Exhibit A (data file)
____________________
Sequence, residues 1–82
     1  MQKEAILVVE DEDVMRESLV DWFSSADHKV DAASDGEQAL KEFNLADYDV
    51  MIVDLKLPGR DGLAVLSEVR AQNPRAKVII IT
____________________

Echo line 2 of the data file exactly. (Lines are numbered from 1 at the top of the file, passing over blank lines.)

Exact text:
     1  MQKEAILVVE DEDVMRESLV DWFSSADHKV DAASDGEQAL KEFNLADYDV